## Mathematical Manual for the Use of Colleges and Academies, Volume 1 |

### From inside the book

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Page 12

To proceed to the operation , you write first the

To proceed to the operation , you write first the

**greatest**number , then place under it the smaller , so that the units correspond to the units , the tens to the tens , & c . Now , nothing would be easier than to find the excess of the ... Page 30

When the

When the

**greatest**denominator among all the fractions , is found to be a multiple of each of the other denominators . EXAMPLE . + * + & + * + ; 12 , which is the**greatest**denominator , may be taken for the common denominator ; in fact ... Page 36

the case in most divisions , where the quotient commonly contains a fraction ; some of these fractions can be reduced to a very simple expression ; there are two methods to accomplish it ; the way of trying , and that of the

the case in most divisions , where the quotient commonly contains a fraction ; some of these fractions can be reduced to a very simple expression ; there are two methods to accomplish it ; the way of trying , and that of the

**greatest**... Page 37

**GREATEST**COMMON Divisor . The above method , though only a trying , is preferable to the general rule , whenever the two numbers are not very large ; if they be , take the following easy method . Divide the denominator of the fraction ... Page 38

Secondly ; that it is their

Secondly ; that it is their

**greatest**common divisor . I say first , that 221 is a common divisor , for we see that it divides 663 without remainder ; and as it does also divide itself exactly , it must likewise divide 884 , which , in ...### What people are saying - Write a review

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### Common terms and phrases

adding addition amount arithmetic becomes bottles calculation called carried cause cent column common composed compound consequently considering contains cost cube cyphers decimals denominator difference divide dividend division divisor dollars double easily easy effect equal equation evident example expressed extremes factors fathoms feet figures four fourth fraction gain given gives greater greatest half hundred hundredths inches interest kind less letters logarithms manner means method mixture months multiplicand multiply necessary observe obtained operation partial pence performed pounds principal problem progression proof proportion quantity question quotient ratio reduce remainder remark result root rule separate shillings simple solve square subtract suppose tables taken tens third thousands tion units unknown quantity whole wine worth write written yards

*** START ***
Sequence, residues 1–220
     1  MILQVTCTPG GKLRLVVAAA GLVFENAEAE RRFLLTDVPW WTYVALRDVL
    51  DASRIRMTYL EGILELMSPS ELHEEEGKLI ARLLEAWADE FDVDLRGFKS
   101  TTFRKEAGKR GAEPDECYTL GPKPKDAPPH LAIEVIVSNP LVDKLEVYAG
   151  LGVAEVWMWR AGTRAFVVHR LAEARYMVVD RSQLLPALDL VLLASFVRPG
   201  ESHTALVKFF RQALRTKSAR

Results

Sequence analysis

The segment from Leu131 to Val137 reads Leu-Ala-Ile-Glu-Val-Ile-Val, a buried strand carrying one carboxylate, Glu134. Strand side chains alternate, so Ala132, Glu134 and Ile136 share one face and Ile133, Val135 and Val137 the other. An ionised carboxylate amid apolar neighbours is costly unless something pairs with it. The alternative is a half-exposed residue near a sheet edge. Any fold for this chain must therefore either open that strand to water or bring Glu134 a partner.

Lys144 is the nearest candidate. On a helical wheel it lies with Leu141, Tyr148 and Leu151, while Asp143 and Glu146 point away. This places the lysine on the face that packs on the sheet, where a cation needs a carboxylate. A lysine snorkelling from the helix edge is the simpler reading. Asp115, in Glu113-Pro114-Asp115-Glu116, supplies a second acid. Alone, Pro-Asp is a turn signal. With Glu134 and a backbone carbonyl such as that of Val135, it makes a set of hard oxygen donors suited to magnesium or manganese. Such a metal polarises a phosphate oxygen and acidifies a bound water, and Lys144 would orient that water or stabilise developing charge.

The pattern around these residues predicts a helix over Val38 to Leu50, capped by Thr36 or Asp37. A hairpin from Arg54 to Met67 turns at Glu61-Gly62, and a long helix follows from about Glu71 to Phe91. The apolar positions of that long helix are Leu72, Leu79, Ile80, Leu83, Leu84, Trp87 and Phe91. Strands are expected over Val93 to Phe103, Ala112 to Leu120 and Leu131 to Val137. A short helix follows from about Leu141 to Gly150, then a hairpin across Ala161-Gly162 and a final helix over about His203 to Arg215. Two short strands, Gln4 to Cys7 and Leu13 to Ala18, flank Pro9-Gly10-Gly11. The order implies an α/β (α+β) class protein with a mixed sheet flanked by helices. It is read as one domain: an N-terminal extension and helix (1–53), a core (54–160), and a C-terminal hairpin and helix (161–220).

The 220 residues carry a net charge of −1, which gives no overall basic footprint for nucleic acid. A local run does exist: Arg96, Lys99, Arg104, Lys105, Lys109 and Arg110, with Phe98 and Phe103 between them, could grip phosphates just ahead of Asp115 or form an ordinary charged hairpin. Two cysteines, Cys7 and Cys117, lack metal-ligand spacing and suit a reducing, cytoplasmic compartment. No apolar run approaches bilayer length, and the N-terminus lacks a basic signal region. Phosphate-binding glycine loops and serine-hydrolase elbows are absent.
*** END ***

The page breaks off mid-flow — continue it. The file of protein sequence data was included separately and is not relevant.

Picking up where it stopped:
### Popular passages

Page 33 - Multiply the whole number by the numerator of the fraction, and divide the product by the denominator ; or divide the whole number by the denominator of the fraction, and multiply the quotient by the numerator.

Page 224 - The earth being 360 degrees in circumference, turns round on its axis in 24 hours ; how far does it turn in one minute, in the 43d parallel of latitude; the degree of longitude, in this latitude, being about 51 statute miles?

Page 104 - Divide the first term of the dividend by the first term of the divisor, and write the result as the first term of the quotient. Multiply the whole divisor by the first term of the quotient, and subtract the product from the dividend.

Page 202 - OF TIME. 60 Seconds = 1 Minute 60 Minutes =± 1 Hour 24 Hours = 1 Day 7 Days = 1 Week 28 Days = 1 Lunar Month...

Page 203 - The fourth, eleventh, ninth, and sixth, Have thirty days to each affix'd: And every other thirty-one, Except the second month alone, Which has but twenty-eight in fine, Till leap year gives it twenty-nine.

Page 59 - The first term of a ratio is called the antecedent, and the second term the consequent.

Page 34 - It will be seen that we multiply the denominator of the dividend by the numerator of the divisor for the denominator of the quotient, and the numerator of the dividend by the denominator of the divisor for the numerator of the quotient.

Page 245 - TARE AND TRET. Tare and Tret are allowances made by the seller to the buyer, on some particular commodities. Tare is an allowance made for the weight of the barrel, box, bag, or whatever contains the commodity. Tret is an allowance of 4 Ib.

Page 85 - Considering, then, the proposed number 6084 as composed of the square of the tens of the root sought, twice the product of the tens by the units, and the square of the units, if we can discover in this number the first of these parts, viz.